God desires that we as true believers, live a life free from worry, stress, and anxiety.  Moreover, according to His Word, he challenges all that are heavy laden to come and learn of Him, for His yoke is easy and His burden is light.  Now, when we look at the term yoke it denotes that part that rests on the shoulders and holds us together holistically (spiritually, emotionally, and physically). Matthew 11:28-30 (AMP)

 

Divine Stress Antidotes

1. Pray

2. Go to bed on time.

3. Get up on time so you can start the day un-rushed.

4. Say No to projects that won’t fit into your time schedule, or that will compromise your mental health.

5. Delegate certain tasks to capable others.

6. Simplify and declutter your life.

7. Less is more. (Although one is often not enough, two can be too much!)

8. Allow extra time to do things and to get to places.

9. Pace yourself. Spread out big changes and difficult projects over time; don’t constrain yourself to unreasonable deadlines

10. Take one day at a time.

11. Separate worries from concerns. If a situation is a concern, find out what God would have you do and let go of the anxiety. If you can’t do anything about a situation, forget it (that’s useless worrying).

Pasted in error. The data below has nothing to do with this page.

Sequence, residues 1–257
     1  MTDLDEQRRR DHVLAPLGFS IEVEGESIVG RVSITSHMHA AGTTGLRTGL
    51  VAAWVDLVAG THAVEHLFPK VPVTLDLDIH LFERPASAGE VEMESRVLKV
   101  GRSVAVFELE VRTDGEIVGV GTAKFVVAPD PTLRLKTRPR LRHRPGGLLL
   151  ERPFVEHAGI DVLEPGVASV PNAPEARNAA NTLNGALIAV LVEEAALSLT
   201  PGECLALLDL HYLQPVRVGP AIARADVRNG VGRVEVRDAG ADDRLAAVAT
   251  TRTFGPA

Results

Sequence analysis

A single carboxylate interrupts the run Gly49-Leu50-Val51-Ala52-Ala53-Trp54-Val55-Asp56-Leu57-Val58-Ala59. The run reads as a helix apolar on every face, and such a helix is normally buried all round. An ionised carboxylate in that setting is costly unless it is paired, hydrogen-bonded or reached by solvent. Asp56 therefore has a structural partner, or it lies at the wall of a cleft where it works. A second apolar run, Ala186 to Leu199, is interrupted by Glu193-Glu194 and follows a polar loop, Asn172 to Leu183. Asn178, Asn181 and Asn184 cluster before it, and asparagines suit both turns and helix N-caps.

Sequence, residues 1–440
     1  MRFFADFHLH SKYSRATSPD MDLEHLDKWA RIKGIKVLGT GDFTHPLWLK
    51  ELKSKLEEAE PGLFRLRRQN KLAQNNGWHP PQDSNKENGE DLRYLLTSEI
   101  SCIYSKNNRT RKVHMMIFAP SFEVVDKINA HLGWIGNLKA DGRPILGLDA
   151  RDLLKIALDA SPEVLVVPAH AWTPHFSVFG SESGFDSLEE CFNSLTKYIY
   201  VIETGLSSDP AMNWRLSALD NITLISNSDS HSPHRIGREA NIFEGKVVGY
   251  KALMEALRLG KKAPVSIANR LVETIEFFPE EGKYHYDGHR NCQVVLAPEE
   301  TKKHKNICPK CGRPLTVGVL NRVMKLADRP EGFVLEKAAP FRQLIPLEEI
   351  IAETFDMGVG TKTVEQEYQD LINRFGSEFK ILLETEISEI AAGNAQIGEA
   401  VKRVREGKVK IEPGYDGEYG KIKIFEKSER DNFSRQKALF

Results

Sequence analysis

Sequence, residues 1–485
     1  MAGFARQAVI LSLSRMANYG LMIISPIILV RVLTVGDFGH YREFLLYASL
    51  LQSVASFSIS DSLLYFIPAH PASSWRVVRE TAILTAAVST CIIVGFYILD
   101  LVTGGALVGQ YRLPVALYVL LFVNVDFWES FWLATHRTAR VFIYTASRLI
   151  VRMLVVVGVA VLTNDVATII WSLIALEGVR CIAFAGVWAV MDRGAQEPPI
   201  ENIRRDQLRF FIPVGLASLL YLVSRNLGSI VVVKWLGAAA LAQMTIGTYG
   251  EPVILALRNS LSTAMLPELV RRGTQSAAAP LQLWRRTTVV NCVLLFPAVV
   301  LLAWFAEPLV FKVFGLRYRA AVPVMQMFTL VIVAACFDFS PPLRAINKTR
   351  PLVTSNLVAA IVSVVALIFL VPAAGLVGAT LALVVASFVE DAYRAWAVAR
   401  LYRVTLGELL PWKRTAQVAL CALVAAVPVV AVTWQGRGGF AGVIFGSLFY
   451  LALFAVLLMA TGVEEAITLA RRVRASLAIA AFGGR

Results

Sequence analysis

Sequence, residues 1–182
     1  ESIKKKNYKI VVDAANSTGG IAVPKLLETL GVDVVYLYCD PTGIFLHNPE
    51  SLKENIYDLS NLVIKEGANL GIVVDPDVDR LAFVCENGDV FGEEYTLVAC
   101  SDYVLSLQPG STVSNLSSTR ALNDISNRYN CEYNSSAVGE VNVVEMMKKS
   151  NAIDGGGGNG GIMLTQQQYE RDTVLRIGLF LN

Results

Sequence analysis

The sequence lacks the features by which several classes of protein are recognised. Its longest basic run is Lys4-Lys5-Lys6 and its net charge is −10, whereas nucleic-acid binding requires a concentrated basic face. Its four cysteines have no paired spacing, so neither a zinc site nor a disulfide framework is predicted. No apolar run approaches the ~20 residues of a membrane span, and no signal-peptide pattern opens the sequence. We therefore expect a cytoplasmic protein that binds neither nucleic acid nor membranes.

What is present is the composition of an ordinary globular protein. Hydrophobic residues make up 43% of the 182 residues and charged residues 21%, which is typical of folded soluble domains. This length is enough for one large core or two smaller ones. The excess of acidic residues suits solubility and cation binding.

12. Live within your budget.

13. Every night before bed, think of one thing to be grateful for!

From a greater perspective – the antidote for living a stressed managed life is “Mindfulness!” Mindfulness is a very simple practice that requires an individual to stay focused on the hear and now without judgement or worry about whatever else is going on around in the environment…

Moreover, it requires an awareness to change those that things that are unacceptable & changeable and requires and acceptance for those things that are deemed by the person as unchangeable.

Lastly, it is imperative for those that dare to believe to always be mindful of the fact that you have a Resurrected Savior that knows what you are going thru, where you are, and can do anything but fail!

God Bless – A Note From The Counselor’s Corner,
Dalton Kornegay, PhD

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